Albert Mehrabian famously concluded our like or dislike towards messaging from others is broken into three segments. 7% for the words used, 38% for the tone of voice and 55% for facial expression.  Video has allowed us to continue picking up on these non-verbal queues in a year where we’ve all been forced to socially distance.  

Prior to 2020 though, video was already emerging as one of the most powerful mediums to connect to consumers.  However, many organizations found themselves sitting on the sidelines.  A lot of this had to do with budget limitations.  Video production and editing can be a costly endeavor.

A nice side effect of 2020 is that you don’t have to use hi-fi video to make a meaningful impact.  In business, we’ve also had this veil of how we are and are not supposed to act.  We put up this facade in the name of professionalism, which I’d agree has been warranted, but things change.  

We’re wrapping on a year that found incredible impacts through low-fi video.  The simple mobile or laptop camera has proved to be a powerful tool in the world of business.  While largely used internally within teams who are now working remotely, there have been big strides of interacting with customers.  It’s been “acceptable” for a child to burst into the middle of a client conference, or to hear a dog barking in the background.  In fact, many people that I’ve talked to this year have mused on the raw and authentic connections that have developed because of this.

While we still need to use some level of decorum when we’re on low-fi video, there is a tremendous opportunity to engage with your clients unlike anything we’ve seen.  Content quality is also incredibly important, but I challenge you to use the educational focus as your medium.  Video will allow you to tell the story in a much more meaningful and memorable way.

#5 – Micro Targeting

In a year with so much turmoil, I have talked to many experts who have said in their own way, “The riches are in the niches.”  When things go sideways we find ourselves in scrap mode.  Clients are coming and going, more the latter this year, and so we’re more willing to take on anything we can get our hands-on.

Now it’s time to return to saying “no”.

Verne Harnish talks about the importance of focusing on profit share vs. market share.  When Apple became the largest market cap company in the world, they only had 7% market share, but they had 50% of the profit share in the industry.  Now they’re at 14% market share with nearly 70% of the profit share.

So as we get more comfortable saying “no” to focus on the most profitable clients, you have to ask yourself if your previous niche is still the richest niche.  As Verne puts it, don’t look at where the hockey puck is, but look at where it’s going and position your company there.

#6 – Omnichannel

Customers don’t consume media in just one or two markets, so if you’re only able to communicate them in one or two challenges then you’re significantly missing out.  This concept is intuitive to all of us, and the data shows how powerful it can be.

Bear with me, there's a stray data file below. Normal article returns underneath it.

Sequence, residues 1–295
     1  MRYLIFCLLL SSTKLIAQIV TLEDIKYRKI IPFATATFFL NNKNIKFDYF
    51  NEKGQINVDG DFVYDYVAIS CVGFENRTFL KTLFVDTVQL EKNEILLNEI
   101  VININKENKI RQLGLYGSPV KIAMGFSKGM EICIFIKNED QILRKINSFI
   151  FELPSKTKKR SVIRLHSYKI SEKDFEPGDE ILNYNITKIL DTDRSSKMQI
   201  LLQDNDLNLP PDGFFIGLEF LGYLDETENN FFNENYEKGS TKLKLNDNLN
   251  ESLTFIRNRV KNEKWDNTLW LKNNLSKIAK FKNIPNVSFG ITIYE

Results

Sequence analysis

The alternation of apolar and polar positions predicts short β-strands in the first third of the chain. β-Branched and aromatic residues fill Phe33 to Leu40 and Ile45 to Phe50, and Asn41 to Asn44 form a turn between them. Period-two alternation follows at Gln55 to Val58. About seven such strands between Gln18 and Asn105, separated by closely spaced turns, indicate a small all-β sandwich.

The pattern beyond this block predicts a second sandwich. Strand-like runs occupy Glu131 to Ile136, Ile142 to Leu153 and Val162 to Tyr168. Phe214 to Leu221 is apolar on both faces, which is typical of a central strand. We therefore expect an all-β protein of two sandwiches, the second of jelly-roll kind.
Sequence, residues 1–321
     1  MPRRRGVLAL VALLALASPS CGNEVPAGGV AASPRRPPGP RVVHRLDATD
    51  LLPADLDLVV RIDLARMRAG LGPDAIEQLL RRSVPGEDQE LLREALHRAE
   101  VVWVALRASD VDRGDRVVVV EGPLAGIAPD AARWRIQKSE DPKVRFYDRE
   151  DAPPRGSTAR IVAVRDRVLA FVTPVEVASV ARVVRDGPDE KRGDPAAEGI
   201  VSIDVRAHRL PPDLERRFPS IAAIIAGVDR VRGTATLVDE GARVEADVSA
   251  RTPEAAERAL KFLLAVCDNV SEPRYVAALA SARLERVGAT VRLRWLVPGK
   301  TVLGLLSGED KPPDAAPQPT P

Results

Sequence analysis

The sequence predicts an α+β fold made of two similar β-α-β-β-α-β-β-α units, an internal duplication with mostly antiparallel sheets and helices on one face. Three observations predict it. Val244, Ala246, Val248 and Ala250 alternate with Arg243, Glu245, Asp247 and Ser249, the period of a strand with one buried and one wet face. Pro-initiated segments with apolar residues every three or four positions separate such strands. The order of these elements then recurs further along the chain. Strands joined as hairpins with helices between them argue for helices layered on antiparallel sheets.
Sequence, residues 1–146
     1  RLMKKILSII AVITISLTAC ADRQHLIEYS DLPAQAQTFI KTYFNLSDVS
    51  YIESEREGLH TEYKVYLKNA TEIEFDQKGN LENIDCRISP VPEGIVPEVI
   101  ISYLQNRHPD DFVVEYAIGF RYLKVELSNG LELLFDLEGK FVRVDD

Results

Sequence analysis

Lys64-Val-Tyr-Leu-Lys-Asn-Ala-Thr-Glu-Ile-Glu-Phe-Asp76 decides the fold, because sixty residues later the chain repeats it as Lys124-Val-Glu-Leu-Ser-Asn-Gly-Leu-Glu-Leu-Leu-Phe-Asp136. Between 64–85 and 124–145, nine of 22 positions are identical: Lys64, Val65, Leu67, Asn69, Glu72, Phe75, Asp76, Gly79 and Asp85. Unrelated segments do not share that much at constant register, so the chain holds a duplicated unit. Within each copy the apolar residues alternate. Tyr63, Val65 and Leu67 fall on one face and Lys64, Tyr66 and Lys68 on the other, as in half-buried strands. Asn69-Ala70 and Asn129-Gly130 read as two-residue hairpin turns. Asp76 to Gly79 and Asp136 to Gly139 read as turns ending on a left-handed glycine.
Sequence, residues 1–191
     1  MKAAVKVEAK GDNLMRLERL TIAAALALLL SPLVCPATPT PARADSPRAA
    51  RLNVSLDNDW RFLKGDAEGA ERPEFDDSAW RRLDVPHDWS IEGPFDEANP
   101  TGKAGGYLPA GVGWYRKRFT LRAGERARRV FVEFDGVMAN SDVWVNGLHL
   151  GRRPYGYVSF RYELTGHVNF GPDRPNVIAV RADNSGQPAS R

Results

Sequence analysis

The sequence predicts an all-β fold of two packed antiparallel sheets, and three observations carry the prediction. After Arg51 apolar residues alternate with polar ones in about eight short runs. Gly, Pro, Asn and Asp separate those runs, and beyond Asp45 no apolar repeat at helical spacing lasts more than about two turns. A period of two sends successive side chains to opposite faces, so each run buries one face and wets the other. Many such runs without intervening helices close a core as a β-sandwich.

Too often companies think they’re doing omnichannel marketing when what they’re actually doing is multi-channel marketing.  To many, these are interchangeable words, but multi-channel is a channel-based strategy.  You may have a campaign for social, SEM, email, direct mail, etc., but they’re not coordinated with one another.  

I’ve sat down with several Fortune 500 companies that say, “Yeah, yeah, we do that,” but upon probing questions I discover that they’ve literally got different departments for social media, for email, for direct mail, and on down the line.

The reason omnichannel is so much more effective is that is solely focused on the customer.  You then go out and try to identify as many touch-points like social media handles, mobile devices, and email addresses.  This allows you to deliver a succinct and holistic marketing campaign that is consistent across all channels resulting in higher engagement and ROI.

#7 – Virtual Presence

On the surface, some companies will dismiss this automatically because they’ve historically avoided in-person events or conferences.  I get it, but this year has changed so much and has spawned a new kind of experience for customers to engage with brands.

Traditional in-person events will return…at some point.  Even still though organizations are realizing that there is a way to drive meaningful engagement through virtual events.  I’m hoping to get an expert on our show to really dig into the emerging virtual space.  In the meantime though, several guests have shared the pros of the virtual conferences this year:

-Significant travel expense savings

-Can reach a bigger audience that isn’t geographically limited

-Merging offline media, such as custom-tailored swag bags ahead of the conference boosts attendance and engagement during the event

-Speakers pre-recording their presentations and then are able to take live q/a as the session is broadcast

-Real-time attendee and panel discussions via multi-screen formats

-Providing educational summits

We’re going to get back to some sense of “normalcy”, but there will be a new hybrid of normalcy that we’re looking at so I encourage you to see what creative ways you can engage with your customers in a virtual environment.

This wraps the 2021 marketing trends outlook.  I hope you were able to get a couple of meaningful ideas to help propel your business forward in the new year.  Speaking of which, I hope everyone has a safe and fun New Year.  See you all on the other side!